I want to stress the fact that, in 1947, the chief reason for imposing the Budget was, we were told, that we were eating too much, drinking too much and buying too much clothes. On the other hand, we were told that things were short all over the world. I appealed to the Government at that time not to increase the price of the poor man's hard plug. The appeal was received sympathetically, but nothing was done about it and the increase was still imposed. You would think that, after all that experience of 1947, the Government of Fianna Fáil would not attempt to do the same thing again. Yet we had it doing the same thing in 1952 and now again this year, ten years afterwards.

The only reason for doing that is that they want to try to justify their mistakes in 1947. The then Minister for Finance prayed for wisdom but after ten years the wisdom has not yet arrived. That is obviously the position. In the Finance Bill so far as anybody can see no provision is made to help end unemployment. On the contrary, I have grave fears that it will increase unemployment. Remember that on of the points on which this Government sought election was that a strong Government would end unemployment.

May I mention one fact they forgot? Every time they had a strong Government unemployment increased out of all proportion. In the year 1940 they had a strong Government and unemployment in February, 1940, was at the colossal figure of 118,661. In that same year 23,000 boys had joined the Defence Forces and 6,000 were recruited into the Civil Service to write the ration cards. Fifty thousand joined the British Army, Navy and Air Force and 37,000 left this country on permits issued through the Department of External Affairs. That was in 1940 with a strong Government keeping us out of the war. Were it not for the war and extension of the Defence Forces, you would have had the colossal figure of 234,000 unemployed under the strong Government of Fianna Fáil——

That includes the number that joined the Army?

If there was not a war they could not join.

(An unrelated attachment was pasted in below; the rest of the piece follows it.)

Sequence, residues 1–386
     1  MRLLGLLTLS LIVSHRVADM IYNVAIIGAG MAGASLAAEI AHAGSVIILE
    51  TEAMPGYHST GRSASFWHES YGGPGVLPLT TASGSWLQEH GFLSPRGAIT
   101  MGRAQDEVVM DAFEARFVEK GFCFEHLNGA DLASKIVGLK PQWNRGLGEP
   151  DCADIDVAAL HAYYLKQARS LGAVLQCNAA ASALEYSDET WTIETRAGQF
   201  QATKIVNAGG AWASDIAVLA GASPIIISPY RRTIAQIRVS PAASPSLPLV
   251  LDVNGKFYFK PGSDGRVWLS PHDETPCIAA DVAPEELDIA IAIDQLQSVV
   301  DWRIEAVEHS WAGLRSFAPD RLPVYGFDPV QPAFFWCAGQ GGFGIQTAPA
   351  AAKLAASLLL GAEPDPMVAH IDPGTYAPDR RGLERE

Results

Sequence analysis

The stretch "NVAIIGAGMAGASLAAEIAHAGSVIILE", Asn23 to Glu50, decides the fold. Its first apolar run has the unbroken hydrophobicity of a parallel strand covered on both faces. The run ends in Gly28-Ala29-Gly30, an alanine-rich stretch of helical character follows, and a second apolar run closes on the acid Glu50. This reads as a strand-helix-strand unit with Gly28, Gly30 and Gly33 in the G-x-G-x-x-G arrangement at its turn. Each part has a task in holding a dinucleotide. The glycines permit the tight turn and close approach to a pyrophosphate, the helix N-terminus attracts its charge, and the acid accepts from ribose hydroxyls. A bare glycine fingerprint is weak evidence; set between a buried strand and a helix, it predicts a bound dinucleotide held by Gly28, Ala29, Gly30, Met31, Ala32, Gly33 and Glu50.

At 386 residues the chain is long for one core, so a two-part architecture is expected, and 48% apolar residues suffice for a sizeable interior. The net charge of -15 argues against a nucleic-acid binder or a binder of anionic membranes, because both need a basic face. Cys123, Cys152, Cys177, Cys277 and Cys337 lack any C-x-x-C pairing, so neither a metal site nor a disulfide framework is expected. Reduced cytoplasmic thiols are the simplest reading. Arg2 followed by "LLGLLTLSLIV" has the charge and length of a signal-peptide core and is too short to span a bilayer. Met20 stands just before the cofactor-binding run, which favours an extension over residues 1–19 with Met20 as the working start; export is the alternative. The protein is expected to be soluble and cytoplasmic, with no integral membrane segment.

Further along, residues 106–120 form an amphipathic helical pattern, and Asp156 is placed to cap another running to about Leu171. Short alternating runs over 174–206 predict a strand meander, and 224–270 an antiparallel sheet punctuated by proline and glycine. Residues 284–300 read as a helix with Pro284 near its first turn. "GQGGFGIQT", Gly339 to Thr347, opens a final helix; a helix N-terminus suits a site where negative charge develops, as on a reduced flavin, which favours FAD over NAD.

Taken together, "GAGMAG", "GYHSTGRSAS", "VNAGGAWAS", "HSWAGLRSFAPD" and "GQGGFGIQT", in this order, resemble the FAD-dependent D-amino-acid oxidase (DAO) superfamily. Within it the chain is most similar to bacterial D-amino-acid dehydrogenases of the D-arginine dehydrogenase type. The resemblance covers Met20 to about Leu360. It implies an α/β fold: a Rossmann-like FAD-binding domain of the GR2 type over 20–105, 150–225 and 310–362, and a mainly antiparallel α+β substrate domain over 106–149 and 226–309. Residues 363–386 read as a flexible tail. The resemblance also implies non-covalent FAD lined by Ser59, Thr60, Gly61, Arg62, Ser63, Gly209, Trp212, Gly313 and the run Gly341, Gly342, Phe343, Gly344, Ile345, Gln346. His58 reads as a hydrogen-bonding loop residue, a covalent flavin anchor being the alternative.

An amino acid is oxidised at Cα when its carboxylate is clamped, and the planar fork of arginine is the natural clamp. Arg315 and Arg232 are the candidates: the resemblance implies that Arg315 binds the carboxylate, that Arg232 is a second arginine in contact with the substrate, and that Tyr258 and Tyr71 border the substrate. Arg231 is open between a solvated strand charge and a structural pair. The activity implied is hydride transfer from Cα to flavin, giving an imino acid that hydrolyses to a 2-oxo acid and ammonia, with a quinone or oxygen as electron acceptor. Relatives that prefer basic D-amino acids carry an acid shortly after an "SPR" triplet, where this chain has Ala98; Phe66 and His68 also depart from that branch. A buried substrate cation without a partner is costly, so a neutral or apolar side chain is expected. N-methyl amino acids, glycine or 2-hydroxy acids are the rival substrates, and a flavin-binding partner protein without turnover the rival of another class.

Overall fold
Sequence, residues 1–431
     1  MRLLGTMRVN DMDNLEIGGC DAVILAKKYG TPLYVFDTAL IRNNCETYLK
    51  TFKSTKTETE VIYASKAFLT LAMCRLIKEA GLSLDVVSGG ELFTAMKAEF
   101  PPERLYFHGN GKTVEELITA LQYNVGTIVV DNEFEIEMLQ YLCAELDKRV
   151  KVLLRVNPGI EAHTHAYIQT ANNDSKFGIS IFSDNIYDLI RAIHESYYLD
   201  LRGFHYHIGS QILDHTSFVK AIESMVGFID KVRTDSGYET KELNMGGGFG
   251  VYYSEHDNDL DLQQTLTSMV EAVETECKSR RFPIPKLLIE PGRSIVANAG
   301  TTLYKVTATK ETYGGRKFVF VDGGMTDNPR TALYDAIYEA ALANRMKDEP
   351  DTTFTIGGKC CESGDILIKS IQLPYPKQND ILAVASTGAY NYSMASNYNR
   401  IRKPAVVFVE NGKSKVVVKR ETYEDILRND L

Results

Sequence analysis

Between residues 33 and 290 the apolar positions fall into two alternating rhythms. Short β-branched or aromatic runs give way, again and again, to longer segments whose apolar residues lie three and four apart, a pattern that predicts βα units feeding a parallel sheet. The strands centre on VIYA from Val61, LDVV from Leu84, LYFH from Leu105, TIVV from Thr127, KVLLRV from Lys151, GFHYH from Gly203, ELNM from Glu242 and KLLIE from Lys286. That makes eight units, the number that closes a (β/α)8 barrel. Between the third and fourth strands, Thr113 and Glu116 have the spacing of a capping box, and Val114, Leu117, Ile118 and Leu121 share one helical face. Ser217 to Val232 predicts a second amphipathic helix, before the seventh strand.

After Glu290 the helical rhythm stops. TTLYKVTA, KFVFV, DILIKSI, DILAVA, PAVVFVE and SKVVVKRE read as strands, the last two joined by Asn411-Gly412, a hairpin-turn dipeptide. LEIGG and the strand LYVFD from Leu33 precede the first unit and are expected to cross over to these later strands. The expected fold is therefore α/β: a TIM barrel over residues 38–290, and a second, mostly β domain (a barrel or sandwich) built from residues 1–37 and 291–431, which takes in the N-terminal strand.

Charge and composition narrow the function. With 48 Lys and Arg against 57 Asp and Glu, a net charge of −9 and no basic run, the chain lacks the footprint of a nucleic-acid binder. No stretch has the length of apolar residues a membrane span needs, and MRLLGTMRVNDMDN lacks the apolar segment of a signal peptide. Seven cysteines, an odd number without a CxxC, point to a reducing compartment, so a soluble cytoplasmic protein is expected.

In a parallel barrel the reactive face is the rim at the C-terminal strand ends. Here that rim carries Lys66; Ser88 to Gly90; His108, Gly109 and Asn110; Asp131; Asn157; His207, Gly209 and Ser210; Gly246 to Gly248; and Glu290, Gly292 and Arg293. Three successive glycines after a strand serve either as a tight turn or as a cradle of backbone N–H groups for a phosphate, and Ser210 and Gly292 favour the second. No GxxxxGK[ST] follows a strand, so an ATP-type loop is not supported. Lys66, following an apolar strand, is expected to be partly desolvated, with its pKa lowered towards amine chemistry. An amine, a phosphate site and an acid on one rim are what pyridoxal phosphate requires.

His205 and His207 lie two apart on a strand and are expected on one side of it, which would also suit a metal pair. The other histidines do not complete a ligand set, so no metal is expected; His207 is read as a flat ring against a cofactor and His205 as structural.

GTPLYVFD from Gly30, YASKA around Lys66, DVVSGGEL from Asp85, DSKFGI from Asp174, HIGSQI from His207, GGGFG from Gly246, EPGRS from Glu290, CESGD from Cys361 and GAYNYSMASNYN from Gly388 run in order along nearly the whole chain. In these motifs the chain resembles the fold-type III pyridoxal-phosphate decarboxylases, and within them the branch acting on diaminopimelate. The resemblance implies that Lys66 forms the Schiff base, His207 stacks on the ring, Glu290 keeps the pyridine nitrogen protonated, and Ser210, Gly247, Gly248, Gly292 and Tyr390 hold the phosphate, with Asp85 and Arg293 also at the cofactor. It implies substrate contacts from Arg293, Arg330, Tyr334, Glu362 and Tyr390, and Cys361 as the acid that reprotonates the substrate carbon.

The Deputy would have them marching the streets of Dublin, hungry, as you had them in 1947 and subsequently? That is the position in which we found ourselves then——

The Deputy should grow up.

The Deputy can get up and answer me. He can get these figures in the Department. If he can contradict one of them I will be satisfied, but he will have to contradict them as being wrong officially and he will have to give the sources of his figures.

I do not want to comment on the remission of the tax on the Racing Board. I said on the Budget that since the Government took it off there must have been good reason for doing so. My complaint was, and is, that the Minister for Finance and the Government did not tell us they were doing it or why they were doing it. My complaint is about the slick way in whic the Minister just by-passed it, by ignoring it completely. When I raised the matter here he suggested in a brazen way that I should ask a respected citizen, held by everybody in the very highest regard, all about it. That was not the point.

The point was that the Minister and the Government were doing something and they did not tell us about it. It was something to the extent of £140,000, at a time when they were adding 2d. to the ounce of tobacco for the old age pensioner. That was my complaint and that is my complaint. In winding up the Budget debate and since, the Minister has given no grounds for that; he has not given us the reasons why he was not imposing the £140,000 stamp duty upon the Racing Boards. The Racing Board may require it; they may not be able to stand it; but should he not tell us that?

The Deputy will not believe him.

There are a lot of things we do not believe, but there is an obligation on the Minister and on the Government, who are paid to do these things, to do them in the right way. The country is not paying them to go on ignoring these things completely.

This Finance Bill reimposes very grave hardships. I said here during the debate on the Budget, and I have said it down the country, that I hope it will meet with success and achieve its objective. When an Irish Government decides anything I hope it will carry it out, even though it may impose very grave hardships on a large section of the community. I want to remind Fianna Fáil and everybody else that this is our country, belinging to all of us, and when anything goes wrong with it, we are all affected, because, like the rain, the hardships fall equally on Fianna Fáil, Fine Gael, Labour and everybody else.